As a young kid growing up in the 70's I can think of only a hand full of comic artists who's styles I recognized and looked for ... Jack Kirby, Steve Ditko, Herb Trimpe, Alex Toth and most of all Frank Robbins. The Invaders, Captain America, Ghost Rider, and (above all) the Human Fly, were some of my favorite comics as a kid, and one man made them look the way they did.
Only in adulthood did I find out that this above average "superhero artist" had been one of the real, greats of the newspaper adventure strips and the comics medium in general. He began drawing strips instead of making money from serious artforms.
His first job, in 1939, was drawing Scorchy Smith (an aviation hero strip once drawn by Noel Sickles). At first Robbins didn't write it, but after eight months he was doing it all. He continued with Scorchy until 1944 when he was hired by a rival syndicate to draw his own version of Scorchy: Johnny Hazard.
At first Johnny Hazard did seem like just another clone in the world of strips (although the drawing was, of course, nearly without peer). Soon the story began to prove it's own though. The stories and art became intensely moody and subtle. Pictures of sad dead bodies lying in the bleak snows of Eurasia. To me, his pictures/words are like the best of German Expressionism.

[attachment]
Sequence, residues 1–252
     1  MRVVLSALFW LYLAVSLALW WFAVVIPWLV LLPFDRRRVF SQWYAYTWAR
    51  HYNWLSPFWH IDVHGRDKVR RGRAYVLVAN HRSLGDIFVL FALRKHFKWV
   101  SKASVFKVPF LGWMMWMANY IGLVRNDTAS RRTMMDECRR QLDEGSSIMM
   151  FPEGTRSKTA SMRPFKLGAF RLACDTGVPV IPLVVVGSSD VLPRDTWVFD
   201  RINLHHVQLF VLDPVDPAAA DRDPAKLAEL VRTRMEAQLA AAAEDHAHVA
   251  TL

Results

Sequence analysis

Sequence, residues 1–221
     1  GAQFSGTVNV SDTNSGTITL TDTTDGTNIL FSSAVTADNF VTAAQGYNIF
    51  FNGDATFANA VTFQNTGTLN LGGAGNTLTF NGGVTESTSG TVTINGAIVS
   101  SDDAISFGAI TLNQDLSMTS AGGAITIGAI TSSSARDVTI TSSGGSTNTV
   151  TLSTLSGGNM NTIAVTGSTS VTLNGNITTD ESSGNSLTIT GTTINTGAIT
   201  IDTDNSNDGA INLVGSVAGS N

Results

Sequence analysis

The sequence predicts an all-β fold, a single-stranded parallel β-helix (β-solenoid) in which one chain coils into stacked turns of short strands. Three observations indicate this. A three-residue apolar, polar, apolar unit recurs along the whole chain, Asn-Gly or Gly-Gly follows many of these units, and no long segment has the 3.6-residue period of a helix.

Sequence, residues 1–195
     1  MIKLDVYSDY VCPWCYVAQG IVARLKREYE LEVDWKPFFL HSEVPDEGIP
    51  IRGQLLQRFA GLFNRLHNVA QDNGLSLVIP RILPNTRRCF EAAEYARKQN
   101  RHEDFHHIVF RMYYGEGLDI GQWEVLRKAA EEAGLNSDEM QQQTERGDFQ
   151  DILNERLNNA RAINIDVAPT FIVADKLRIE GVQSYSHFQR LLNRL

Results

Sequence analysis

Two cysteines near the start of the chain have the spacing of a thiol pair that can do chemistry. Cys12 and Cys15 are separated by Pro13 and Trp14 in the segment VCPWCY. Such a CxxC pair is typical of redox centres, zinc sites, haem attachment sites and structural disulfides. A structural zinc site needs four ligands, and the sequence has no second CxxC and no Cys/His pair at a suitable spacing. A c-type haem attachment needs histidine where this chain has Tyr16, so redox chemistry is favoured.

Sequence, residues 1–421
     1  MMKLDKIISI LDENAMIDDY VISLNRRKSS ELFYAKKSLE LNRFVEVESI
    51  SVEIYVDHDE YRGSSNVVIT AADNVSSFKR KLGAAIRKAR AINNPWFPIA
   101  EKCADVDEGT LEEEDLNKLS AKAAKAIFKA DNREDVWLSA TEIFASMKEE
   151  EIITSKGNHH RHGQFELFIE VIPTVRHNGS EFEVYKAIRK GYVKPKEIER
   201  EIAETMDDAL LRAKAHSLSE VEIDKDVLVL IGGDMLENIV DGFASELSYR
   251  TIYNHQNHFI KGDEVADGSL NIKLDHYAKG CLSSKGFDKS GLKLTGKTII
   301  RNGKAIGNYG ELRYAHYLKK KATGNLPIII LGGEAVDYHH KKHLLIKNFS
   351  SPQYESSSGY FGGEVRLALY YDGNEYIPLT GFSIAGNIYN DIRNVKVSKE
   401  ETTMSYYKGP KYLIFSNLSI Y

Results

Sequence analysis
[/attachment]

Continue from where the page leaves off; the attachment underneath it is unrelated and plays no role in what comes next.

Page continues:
His life from there seemed prosperous and healthy, but thanks to the messed up world we live in, Robbins art suffered. He was told by editors to tighten up his art to look more like the slicksters of the day. And like a good commercial artist, he did it. While his drawing ability was never (could never be) lost, his vitality was. The strip Johnny Hazard was drawn until 1977 by Robbins (and probably assistants). He began drawing comic books in the 1960's and continued until the late 70's. His comics are great (really great), but the run of Johnny Hazard from 1944 to the mid-50's are some of the greatest stuff ever done in comics. Setting a standard that the rest of us will aspire to, but only once in a lifetime (if we're lucky) achieve.
Thank you Frank Robbins. Rest in Peace.